Thursday, August 27, 2015
Review: THE GIRL IN THE SPIDER'S WEB
THE GIRL IN THE SPIDER'S WEB by David Lagercrantz, translated by George Goulding (MacLehose Press, 27 August 2015)
Reviewed by Craig Sisterson
She's back. After all the waiting, anticipation, and controversy, Lisbeth Salander is back.
It starts with a hand, beating rhythmically on a mattress in an unknown bedroom. Why is the hand beating? Whose hand is it? Whose bedroom? What does it mean?
None of those questions are answered until much later in THE GIRL IN THE SPIDER'S WEB, and by then David Lagercrantz has taken readers on a heck of an absorbing ride.
Let's address the elephant in the room: not everyone will be happy with this novel. Many people in the books world seem to have decided to avoid it or dislike it on principle: that no-one should continue Stieg Larsson's series, the three books of an intended ten that he'd written but never published before his heart attack.
But those who approach THE GIRL IN THE SPIDER'S WEB with at least a partially open mind will find themselves pleasantly surprised; it's a very good book. It's terrific to see Salander, who is much more than an antisocial goth hacker, back fighting against injustice in a new adventure. In her own inimitable way.
Undoubtedly the creation of Salander was Stieg Larsson's greatest genius in his initial trilogy: while his tales were swirling epics addressing some dark issues simmering below the seemingly perfect surface of Scandinavian society, Salander was the lightning rod that elevated the stories into something more.
In THE GIRL IN THE SPIDER'S WEB Lagercrantz does a fantastic job at delving deeper into Lisbeth Salander, offering readers more of an insight into this 'grown up version of Pippi Longstocking' (as Larsson considered her). Lagercrantz treads the fine line between providing more texture about an enigmatic character, without losing the mystery and uncertainty that makes them so compelling in the first place.
Salander is the kind of iconic character who doesn't even need to be in the room to have a presence. Like James Bond, Zorro, Robin Hood, or Sherlock Holmes, she casts a shadow over a wider world, lingering in the minds and hearts of those she's touched, friends and foes alike.
Early on in THE GIRL IN THE SPIDER'S WEB, Mikael Blomkvist is battling against money-driven evisceration of Millennium, the magazine he loves, when he meets a potential source in a bar to discuss a story tip. Things are stock-standard, and Blomkvist's eyes are glazing as he listens to chat about technology and corporate espionage, when he - and the reader - is suddenly electrified by the passing mention of a female hacker. From there, the story becomes much more interesting, for Blomkvist and the reader.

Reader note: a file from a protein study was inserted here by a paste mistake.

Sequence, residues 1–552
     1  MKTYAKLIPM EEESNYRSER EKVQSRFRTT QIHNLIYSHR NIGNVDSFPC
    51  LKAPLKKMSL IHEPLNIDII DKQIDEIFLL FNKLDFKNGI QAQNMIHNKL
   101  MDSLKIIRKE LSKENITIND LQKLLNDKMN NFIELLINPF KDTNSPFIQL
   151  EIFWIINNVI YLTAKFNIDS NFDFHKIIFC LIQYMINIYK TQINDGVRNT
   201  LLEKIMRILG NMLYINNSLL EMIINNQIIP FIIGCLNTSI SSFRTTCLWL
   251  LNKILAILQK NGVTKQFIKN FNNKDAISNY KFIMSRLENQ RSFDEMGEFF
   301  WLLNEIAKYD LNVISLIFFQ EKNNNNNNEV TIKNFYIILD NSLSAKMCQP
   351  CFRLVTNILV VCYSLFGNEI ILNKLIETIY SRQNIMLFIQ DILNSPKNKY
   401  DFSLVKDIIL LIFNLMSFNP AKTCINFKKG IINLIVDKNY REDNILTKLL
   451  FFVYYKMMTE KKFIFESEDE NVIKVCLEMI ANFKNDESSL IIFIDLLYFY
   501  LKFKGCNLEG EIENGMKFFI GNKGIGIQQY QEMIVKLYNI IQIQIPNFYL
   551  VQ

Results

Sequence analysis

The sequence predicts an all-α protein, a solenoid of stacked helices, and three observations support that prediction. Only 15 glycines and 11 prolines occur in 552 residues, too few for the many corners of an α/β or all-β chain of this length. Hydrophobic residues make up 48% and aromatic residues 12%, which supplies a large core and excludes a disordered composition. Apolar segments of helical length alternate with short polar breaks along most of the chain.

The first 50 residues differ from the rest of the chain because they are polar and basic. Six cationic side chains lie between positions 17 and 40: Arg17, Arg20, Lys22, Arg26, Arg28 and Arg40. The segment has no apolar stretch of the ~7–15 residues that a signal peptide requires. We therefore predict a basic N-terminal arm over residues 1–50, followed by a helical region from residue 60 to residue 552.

As Blomkvist delves deeper, the story gets bigger and bigger. A world-renowned Swedish computer scientist, a verifiable genius, has seemingly abandoned his work and boarded himself up in his home. He wants to talk to Blomkvist, but is attacked before they can meet. His work has disappeared, and the only witness is an autistic child, who now becomes the target of a shadowy criminal organisation.
Lagercrantz does well juggling all the players in this tale, from the driven staff of the NSA, who see spying on everyone as the way to protect their country's interests, to Eastern European gangsters, Swedish authorities, and dangerous figures from Salander's own past. While Salander and Blomkvist are the stars, there is a broad cast of fascinating characters who add texture and intrigue - and Lagercrantz does an elegant job keeping THE GIRL IN THE SPIDER'S WEB building then racing along rather than becoming convoluted.
For those who love Scandinavian crime for the way it delves into social and personal issues, there is plenty of that on offer in the fourth Salander book, from issues of privacy, what the public is entitled to know, to the various ways technology can be used and abused, the changing face of the media, and much more.
For me however, it is the evocation of Salander, who is one of the finest characters created in contemporary fiction, which is the real highlight of THE GIRL IN THE SPIDER'S WEB. Much like Christopher Nolan did with his tremendous re-imagining of Batman, Lagercrantz delves deeper into Lisbeth while keeping her very much who she is. We see more and understand more, but remain fascinated, intrigued, and unsure.
And when the final page came, I was no longer doubtful of whether the books should be continued or not. In fact, I am very much hoping that we will see more from Lagercrantz, Blomkvist and Salander in future.